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Why is the price of oil so low?

Learn why the price of oil has collapsed – and what it has to do with shale gas, Russia, and Saudi Arabia.

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The world has been plunged into a severe economic crisis in the wake of the spread of the coronavirus, with the Dow, ASX and FTSE recording some of their biggest one-day falls for thirty years. 

However, the spread of the virus itself is only one reason behind the record plunge in stocks that we’ve seen over the last week. There’s another factor involved that’s somewhat gone under the radar – a crisis in the energy industry. 

The issue stems from a falling out between two of the world’s three largest oil producers –  Russia and Saudi Arabia (the United States being the other).

Although technically competitors, the two petrostates have been in an uneasy alliance for the last three years, agreeing to coordinated production levels to keep prices high.

Shale gas revolution

This alliance was formed in response to the emergence of shale gas, which has transformed the economic fortunes of the American energy industry and made it less reliant on Middle Eastern oil. 

Advances in hydraulic fracturing (also known as ‘fracking’) have made the capture of gas from shale more viable in recent years, to the extent that it has been predicted that as much as 45% of the US’ natural gas supply could come from domestic shale gas.

Fractured friendship

However, the coronavirus crisis has placed a significant strain on the alliance between the Russian and Saudi states. With global economic activity – and travel – hugely depleted for the foreseeable future, the price of oil has been steadily falling in response to the decreased demand. 

As a result, the Saudis issued the Russians with an ultimatum – to agree to a cutback in production to keep prices high. The Russian government called the Saudi’s bluff, however, and rejected any cut to supplies.

This sent the energy markets into turmoil because a previous round of cuts had still not been agreed, leading to the possibility of a flood of crude oil in the market. The price of oil plummeted by almost 30%.

According to The New York Times, “the Saudis have been producing about 9.7 million barrels a day. The International Energy Agency, a Paris-based organization advising governments and industry, figures that the Saudis could produce more than two million additional barrels, while Kuwait, Iraq and the United Arab Emirates could add another million barrels a day.”

Shale storm

Some argue the Russian government sees this as an opportunity to undermine American shale, whose output might collapse when faced with a glut of cheaper Brent crude.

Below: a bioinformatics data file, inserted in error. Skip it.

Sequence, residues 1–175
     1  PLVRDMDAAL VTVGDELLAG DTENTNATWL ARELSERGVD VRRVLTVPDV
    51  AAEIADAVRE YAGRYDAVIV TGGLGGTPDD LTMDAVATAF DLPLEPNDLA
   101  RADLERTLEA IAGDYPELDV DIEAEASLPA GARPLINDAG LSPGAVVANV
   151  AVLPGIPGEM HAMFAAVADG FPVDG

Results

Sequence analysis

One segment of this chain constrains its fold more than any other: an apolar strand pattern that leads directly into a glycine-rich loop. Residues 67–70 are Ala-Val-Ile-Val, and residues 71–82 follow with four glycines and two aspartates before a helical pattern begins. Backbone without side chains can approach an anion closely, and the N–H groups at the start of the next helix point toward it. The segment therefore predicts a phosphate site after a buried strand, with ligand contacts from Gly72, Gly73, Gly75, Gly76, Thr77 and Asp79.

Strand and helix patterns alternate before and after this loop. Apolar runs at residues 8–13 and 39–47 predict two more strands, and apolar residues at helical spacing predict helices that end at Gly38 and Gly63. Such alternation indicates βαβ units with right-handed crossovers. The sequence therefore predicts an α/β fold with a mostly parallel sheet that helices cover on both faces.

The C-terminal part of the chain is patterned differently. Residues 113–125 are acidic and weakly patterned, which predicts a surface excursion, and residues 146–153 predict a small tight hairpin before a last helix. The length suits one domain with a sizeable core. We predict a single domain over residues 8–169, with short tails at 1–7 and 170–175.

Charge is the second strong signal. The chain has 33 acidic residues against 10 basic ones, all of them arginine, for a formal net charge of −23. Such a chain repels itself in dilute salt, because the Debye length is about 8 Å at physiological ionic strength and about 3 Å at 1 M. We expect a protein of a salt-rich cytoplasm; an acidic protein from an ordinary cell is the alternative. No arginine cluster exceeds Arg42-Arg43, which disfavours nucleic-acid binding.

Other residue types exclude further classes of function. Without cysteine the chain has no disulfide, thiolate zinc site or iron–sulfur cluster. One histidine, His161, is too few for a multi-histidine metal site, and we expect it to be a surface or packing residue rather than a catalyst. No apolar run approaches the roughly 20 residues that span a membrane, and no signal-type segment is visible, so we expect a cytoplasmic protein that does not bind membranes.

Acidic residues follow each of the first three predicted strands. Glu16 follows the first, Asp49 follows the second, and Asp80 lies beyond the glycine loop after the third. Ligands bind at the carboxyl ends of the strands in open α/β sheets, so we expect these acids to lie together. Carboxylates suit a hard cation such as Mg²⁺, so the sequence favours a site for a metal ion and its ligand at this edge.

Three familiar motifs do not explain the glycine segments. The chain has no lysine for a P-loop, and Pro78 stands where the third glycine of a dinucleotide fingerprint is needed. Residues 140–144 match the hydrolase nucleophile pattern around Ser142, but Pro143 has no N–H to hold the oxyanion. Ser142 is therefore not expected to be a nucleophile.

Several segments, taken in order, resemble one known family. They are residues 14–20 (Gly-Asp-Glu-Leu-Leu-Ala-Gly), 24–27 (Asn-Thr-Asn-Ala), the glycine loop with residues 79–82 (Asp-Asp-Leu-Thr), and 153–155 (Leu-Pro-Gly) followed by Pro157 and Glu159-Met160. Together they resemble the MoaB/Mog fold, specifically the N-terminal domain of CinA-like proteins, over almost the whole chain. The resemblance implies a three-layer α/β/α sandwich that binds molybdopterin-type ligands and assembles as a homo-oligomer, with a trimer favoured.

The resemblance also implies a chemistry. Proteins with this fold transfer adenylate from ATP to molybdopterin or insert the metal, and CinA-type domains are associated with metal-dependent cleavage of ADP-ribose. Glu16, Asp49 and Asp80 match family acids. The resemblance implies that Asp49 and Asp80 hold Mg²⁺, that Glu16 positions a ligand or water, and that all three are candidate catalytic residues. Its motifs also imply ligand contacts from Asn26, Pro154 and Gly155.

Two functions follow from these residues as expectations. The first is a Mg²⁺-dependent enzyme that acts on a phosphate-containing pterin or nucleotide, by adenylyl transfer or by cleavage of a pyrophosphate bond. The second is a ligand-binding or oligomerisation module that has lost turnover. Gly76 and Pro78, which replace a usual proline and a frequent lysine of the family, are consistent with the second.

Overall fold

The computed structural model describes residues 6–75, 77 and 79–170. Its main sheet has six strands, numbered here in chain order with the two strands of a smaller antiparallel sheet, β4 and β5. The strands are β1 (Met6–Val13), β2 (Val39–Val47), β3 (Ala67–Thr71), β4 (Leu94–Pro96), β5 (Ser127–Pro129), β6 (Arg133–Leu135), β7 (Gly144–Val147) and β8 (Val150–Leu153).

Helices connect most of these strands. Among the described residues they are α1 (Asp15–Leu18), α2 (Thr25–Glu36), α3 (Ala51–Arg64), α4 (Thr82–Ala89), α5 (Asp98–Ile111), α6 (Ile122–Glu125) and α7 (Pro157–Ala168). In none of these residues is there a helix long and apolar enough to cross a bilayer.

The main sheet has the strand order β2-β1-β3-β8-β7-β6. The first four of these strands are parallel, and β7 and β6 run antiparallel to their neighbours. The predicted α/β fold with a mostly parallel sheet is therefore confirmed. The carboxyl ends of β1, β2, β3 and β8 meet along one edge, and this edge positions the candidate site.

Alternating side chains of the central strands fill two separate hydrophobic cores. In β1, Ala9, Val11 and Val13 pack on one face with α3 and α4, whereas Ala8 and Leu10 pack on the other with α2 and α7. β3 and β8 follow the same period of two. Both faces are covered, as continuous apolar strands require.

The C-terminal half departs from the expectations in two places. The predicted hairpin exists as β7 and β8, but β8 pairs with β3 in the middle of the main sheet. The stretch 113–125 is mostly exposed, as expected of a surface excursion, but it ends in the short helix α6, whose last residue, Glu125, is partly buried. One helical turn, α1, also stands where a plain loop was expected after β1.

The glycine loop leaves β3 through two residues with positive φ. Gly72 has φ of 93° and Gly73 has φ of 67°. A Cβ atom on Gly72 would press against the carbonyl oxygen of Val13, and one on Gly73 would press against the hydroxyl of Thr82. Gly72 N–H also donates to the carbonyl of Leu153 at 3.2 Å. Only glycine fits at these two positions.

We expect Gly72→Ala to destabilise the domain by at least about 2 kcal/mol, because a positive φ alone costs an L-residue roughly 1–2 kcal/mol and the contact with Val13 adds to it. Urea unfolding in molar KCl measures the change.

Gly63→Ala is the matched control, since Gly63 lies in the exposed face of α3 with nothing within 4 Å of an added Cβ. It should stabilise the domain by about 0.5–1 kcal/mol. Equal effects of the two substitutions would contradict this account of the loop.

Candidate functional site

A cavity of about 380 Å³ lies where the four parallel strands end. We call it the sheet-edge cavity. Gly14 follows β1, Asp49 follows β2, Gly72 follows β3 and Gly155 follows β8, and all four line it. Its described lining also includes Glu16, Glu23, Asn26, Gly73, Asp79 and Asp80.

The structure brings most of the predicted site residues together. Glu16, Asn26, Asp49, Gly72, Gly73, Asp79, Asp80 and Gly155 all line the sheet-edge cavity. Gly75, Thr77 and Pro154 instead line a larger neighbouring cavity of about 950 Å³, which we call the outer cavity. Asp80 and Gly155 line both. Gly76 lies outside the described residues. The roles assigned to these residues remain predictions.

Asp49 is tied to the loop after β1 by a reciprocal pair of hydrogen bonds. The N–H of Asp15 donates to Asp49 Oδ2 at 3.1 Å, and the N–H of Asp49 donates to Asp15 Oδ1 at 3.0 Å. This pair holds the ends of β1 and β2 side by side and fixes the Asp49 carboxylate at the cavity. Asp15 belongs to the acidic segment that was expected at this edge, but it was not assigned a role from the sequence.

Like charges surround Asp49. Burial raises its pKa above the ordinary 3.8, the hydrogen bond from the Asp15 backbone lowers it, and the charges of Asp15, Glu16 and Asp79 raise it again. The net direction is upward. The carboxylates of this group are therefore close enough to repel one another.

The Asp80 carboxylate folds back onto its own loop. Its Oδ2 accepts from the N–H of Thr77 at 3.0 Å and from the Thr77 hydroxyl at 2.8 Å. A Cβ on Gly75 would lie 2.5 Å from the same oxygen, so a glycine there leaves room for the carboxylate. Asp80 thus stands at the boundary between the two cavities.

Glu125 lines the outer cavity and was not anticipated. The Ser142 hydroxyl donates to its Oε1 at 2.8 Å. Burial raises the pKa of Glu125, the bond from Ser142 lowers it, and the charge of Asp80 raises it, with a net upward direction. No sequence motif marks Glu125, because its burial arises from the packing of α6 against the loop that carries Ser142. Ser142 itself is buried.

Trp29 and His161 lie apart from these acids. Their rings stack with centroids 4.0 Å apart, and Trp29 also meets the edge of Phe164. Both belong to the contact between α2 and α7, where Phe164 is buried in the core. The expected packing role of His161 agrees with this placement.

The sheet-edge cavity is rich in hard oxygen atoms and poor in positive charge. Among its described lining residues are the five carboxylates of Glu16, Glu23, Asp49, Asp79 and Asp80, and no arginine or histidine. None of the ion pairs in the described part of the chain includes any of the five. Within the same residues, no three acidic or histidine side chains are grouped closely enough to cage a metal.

Indeed, with oil prices collapsing, there were grave warnings from the American shale industry of the cost to the economy in areas that depend on shale, such as Texas. Many of these companies were already in debt before the crash in prices, and there are now concerns for their future.

President Donald Trump has made American energy independence a big plank of his political platform and has been urged by shale companies to step in and bail out the industry, despite Trump taking to Twitter to boast that cheap gas will be good for American motorists.

The Washington Post reported that, “one of the companies hardest hit was Continental Resources, founded by Harold Hamm, a Trump supporter and an adviser to the president on energy issues. It lost more than half of its market value Monday…Hamm’s 77% personal stake in the company lost $2 billion of its value”.

 

Consequences of cheap oil

Whether or not the Trump administration does supply cheap loans to shale companies, the plummet in the oil price is likely to have repercussions beyond American borders. 

Countries that depend on oil for revenue – such as Venezuela and Iran – will likely see a fall in income, leaving them unable to fund social programmes. And although Russia has built up a wealth reserve to protect itself from the initial shock, a long-running price war could create social upheaval in Moscow too.

It seems, wherever you live, uncertainty is the name of the game for some time to come.


 Learn more

Whether you work in the energy sector or simply want to learn more about the oil and shale gas industries, join Hanyang University’s course, ‘Global Resource Politics: the Past, Present and Future of Oil, Gas and Shale’ starting 16th March.

 

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